For the last few months Sarah Dugan has been working for the United Way as a Community Builder. Her territory includes various parts of the North Shore including Lynn Valley.
“We want to help bring a little bit of happiness to life,” said Dugan.
She has been working over the last several months with direct outreach to local community members as well as creating initiatives that bring people together.
“Community builders reach out to members of the community and help their specific needs like cleaning supplies or groceries, help for seniors, virtual check ins, mental health support – connecting to resources if they need it. It can be hard to navigate systems online – to figure how to get the help that you need – and I can help them. Having someone who has lived in the community and growing up can be an important part of that.”
To learn more about the ongoing projects follow check out the initiative’s Facebook page. If you or someone you know need support you can reach out to the United Way through Dugan (email@example.com) or visit the United Way online.
The last big project for the community builders is to support the residents with their own initiatives to build Local Love, said Dugan. The Local Love project offers grants of upto $1000 to people with ideas to connect others within our community.
“This is a way for people to get involved and get to know people in their neighbourhood,” she said. “When we are spending so much time at home, we aren’t seeing our neighbours as much and we aren’t having people in our home spaces. Sometimes families with young kids get to know each other but it is not as easy when you are older. Adults sometimes don’t know their neighbours in the same way, it would be nice to see some kind of connection created.”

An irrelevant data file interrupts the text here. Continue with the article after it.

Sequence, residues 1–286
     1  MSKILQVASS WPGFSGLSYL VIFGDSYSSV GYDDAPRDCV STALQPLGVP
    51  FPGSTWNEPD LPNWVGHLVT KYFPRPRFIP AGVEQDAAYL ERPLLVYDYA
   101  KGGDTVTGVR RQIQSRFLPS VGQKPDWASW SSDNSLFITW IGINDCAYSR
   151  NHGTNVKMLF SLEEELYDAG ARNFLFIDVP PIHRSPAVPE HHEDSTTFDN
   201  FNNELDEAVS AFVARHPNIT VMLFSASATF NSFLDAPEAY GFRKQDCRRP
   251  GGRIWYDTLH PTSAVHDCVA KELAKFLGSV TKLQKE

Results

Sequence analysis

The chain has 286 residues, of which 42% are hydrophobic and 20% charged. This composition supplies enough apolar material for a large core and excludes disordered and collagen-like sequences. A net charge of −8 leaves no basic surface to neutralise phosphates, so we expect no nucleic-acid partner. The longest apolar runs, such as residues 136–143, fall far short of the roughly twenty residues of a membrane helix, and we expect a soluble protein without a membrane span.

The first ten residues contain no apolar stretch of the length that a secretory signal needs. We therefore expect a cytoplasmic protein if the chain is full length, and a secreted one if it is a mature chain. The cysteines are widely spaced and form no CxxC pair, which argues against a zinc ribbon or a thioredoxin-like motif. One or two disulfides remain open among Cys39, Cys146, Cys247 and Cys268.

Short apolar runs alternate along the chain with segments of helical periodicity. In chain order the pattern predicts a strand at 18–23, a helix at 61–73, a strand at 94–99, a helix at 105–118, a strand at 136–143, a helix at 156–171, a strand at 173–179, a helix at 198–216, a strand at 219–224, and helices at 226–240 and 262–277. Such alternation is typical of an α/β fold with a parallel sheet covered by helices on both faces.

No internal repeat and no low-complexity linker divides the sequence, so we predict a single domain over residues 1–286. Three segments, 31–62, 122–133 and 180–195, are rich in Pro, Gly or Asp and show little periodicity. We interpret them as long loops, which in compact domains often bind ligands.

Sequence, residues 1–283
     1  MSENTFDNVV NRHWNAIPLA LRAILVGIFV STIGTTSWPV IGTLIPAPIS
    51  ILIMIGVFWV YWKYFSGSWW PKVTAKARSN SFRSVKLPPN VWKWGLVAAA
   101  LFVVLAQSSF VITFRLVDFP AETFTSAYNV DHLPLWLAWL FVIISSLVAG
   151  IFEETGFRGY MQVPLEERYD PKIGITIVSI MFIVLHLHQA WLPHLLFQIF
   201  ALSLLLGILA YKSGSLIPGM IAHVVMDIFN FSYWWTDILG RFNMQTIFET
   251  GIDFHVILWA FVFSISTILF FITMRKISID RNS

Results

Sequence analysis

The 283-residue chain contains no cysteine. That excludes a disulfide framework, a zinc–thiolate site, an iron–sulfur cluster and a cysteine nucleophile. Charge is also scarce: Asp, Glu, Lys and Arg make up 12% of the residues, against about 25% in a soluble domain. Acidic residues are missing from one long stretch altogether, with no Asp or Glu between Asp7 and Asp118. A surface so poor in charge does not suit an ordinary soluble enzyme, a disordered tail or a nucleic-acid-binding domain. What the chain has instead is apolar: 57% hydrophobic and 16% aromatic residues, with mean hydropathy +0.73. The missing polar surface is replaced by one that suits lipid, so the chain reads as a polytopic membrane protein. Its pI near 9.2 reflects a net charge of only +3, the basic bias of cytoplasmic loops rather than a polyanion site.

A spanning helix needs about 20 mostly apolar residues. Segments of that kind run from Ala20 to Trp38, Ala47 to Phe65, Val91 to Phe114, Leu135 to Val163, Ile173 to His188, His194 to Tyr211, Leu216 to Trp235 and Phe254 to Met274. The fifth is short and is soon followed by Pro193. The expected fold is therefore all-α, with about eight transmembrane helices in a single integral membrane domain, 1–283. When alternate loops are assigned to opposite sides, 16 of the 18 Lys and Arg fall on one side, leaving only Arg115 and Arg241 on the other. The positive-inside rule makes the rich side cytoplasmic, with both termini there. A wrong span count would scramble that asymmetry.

Examples across the Vancouver area include physically distant block parties, comfort and hobby bags.
“We now want to focus on a bit of long term community between the people who are hosting the projects and those participating in the projects, so it’s not just a drop off situation,” she said. “You need to be a little bit creative in figuring out what kind of project can do that. We are really pushing for ones that have some sort of community aspect – and it doesn’t have to be in person. It can also be something online.”
Dugan really loved the creativity and connection fostered by one project that received funding in another Local Love region. She explained two women hosted art classes and had families sign up and dropped off supplies each week. The families shared their completed art with the organizers, who in turn when dropping off supplies the following week dropped off images of other projects sharing with the community of participants what everyone had made.
How it works
“We would like to help build relationships that go beyond the length of the project,” said Dugan. “I would really like to see different residents come together and meet each other.”
Dugan explained there is an application process – and interested people should contact her directly so she can walk them through the application process With her guidance there tends to be less back and forth and a quicker funding result, she said.
“Each neighbourhood has a budget – the North Shore has used about half of it and we have space for about four to five more in Lynn Valley,” said Dugan.
How to get started:
- Applications must be completed by an adult, resident of Lynn Valley (but can be a representative for a larger group working together).
- Outline the project
- Break down of budget (max $1000) with money earmarked for supplies, time is to be volunteered.
- Be open to support from Dugan to help the project be successful.
- Projects need to be completed at the latest, in November.
- Applications due by late October (Dugan can provide specifics).
- For all the details and application contact Sarah Dugan firstname.lastname@example.org